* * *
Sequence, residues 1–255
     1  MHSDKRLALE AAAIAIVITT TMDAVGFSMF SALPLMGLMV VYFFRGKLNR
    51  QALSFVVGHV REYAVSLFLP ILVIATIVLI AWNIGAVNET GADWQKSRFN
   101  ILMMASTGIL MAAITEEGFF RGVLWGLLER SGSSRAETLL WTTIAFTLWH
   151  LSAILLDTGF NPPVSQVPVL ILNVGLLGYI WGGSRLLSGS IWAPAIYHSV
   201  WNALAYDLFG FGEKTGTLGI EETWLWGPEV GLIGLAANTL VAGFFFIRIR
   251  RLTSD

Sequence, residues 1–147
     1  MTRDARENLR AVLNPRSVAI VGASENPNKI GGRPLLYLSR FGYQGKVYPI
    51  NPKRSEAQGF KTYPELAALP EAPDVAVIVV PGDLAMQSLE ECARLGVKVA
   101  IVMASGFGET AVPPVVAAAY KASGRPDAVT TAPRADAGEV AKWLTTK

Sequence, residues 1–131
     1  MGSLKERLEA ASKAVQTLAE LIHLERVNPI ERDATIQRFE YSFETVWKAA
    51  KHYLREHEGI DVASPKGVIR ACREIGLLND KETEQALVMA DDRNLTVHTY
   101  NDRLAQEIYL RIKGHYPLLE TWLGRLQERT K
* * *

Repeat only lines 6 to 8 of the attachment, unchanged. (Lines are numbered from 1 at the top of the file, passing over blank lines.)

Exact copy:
   201  WNALAYDLFG FGEKTGTLGI EETWLWGPEV GLIGLAANTL VAGFFFIRIR
   251  RLTSD

Sequence, residues 1–147